I would think they would want to see the family members' reactions, but am not sure how it would be done. Depends, but they'd do a lot of initial interviews if they think it is murder.

I'd appreciate input from anybody familiar with normal police procedures.

Thanks!

Best of luck,

Jim Clark-Dawe

Chrisla
07-05-2011, 08:27 PM
I'm a former federal law enforcement officer.

My first question after reading this is-- who reported the murder/found the victim and why couldn't they identify the victim? Most of the time, the reporting party makes the identification and we don't have to go through all the television ID at the morgue junk.

A stranger found the body, or rather his dog did.

But assuming your reporting party was a complete stranger who doesn't know the victim, I will say that part of the description of the diseased would be her age, and I would think the husband's wife and aunt would be far enough apart in age that they wouldn't get mixed up. But that's not always the case.

Good point. I have them about ten years apart, but that may not be enough. I can change that a little.

You asked: "Would the officers take him in for questioning, based on the information he's given them, and tell him there that the description fits and ask him to identify the body?

Or would they pull him aside, tell him the description fits, and ask him to come in on his own to ID the body?"

Procedurally, I'm not seeing a big difference between your two scenarios. Just that one has them detaining him for questioning and the other has him coming in on his own free will. Is that what you're asking?

Yes. I had them asking him to come in because (1) there were a lot of onlookers, and (2) their initial questioning disclosed he'd had a fight with his wife the night before--a fight in which she'd "accidentally hit her head on a dresser."
But my writing group questioned them taking him in (even though they asked), citing his constitutional rights.

As a cop, I always asked people to do things before making them. So if I needed to search a car, I'd ask, "Mind if I take a look in your vehicle," instead of saying, "Step out of your car so I can search for drugs." If they denied my request to take a look around and I already had good PC for the search, then I'd tell them I was just being polite and they need to step out of the vehicle.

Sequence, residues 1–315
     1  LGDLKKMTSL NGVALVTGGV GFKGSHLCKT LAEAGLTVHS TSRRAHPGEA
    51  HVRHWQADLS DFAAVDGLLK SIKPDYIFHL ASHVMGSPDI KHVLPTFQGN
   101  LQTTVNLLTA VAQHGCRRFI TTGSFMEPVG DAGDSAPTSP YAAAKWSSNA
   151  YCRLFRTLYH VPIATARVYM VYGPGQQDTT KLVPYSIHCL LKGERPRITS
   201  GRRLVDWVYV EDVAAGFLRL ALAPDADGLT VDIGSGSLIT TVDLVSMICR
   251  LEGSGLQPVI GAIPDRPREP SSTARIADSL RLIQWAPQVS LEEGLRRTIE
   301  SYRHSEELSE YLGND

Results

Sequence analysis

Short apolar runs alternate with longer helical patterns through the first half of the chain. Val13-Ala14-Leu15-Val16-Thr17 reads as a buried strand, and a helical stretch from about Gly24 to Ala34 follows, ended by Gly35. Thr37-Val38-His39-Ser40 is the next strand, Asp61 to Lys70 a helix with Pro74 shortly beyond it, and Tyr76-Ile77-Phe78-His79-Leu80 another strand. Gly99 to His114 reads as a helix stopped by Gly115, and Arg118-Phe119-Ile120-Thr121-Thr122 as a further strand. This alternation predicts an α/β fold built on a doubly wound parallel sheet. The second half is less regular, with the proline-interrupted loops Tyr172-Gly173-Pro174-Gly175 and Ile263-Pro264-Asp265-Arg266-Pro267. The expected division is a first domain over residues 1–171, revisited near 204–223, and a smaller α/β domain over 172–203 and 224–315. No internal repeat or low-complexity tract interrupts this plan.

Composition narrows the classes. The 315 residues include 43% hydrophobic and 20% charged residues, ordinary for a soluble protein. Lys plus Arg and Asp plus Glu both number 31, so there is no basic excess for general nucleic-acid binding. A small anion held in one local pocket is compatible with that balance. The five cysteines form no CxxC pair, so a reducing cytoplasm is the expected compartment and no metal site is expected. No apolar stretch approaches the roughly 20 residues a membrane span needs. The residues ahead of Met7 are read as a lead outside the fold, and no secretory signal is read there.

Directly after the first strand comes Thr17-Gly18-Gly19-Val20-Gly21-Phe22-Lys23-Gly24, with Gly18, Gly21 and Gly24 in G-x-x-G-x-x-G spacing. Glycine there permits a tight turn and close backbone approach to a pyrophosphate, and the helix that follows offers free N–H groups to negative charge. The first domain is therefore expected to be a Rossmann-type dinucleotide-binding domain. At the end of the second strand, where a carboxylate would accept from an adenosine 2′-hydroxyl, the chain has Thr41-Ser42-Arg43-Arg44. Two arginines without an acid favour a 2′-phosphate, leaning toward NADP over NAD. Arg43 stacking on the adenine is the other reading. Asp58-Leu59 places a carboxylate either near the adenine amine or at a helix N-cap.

So I feel confident that the detective would ask the suspect to come in rather than force him, unless they had to.

Thanks so much for your response. It helps in that it reinforces what I had already researched, and it raised the question of the age difference between the aunt and niece--something I'll have to fix.

Do you know the answer to my other question--would they let him go to notify the family, then interview them later, or would they go with him to do that, to guage their reactions?

Thanks again!

allz28
07-05-2011, 09:11 PM
Oops, sorry I missed that question.

There will definitely be some type of interview/informal questioning at the scene. So that would be completed before notifications.

The rest depends on the detective.

I, personally, hated family notifications. Plus, so many people react to grief differently that I don't think I would gain much from watching reactions. And, anything I see during the reaction wouldn't hold much in court, so at most, all it could do is point me in the right direction. So I guess what I'm saying is, I would have just let the husband call his family and make notifications, unless there's some type of evidence at the scene that makes him a prime suspect and I need to keep him from communicating with anyone.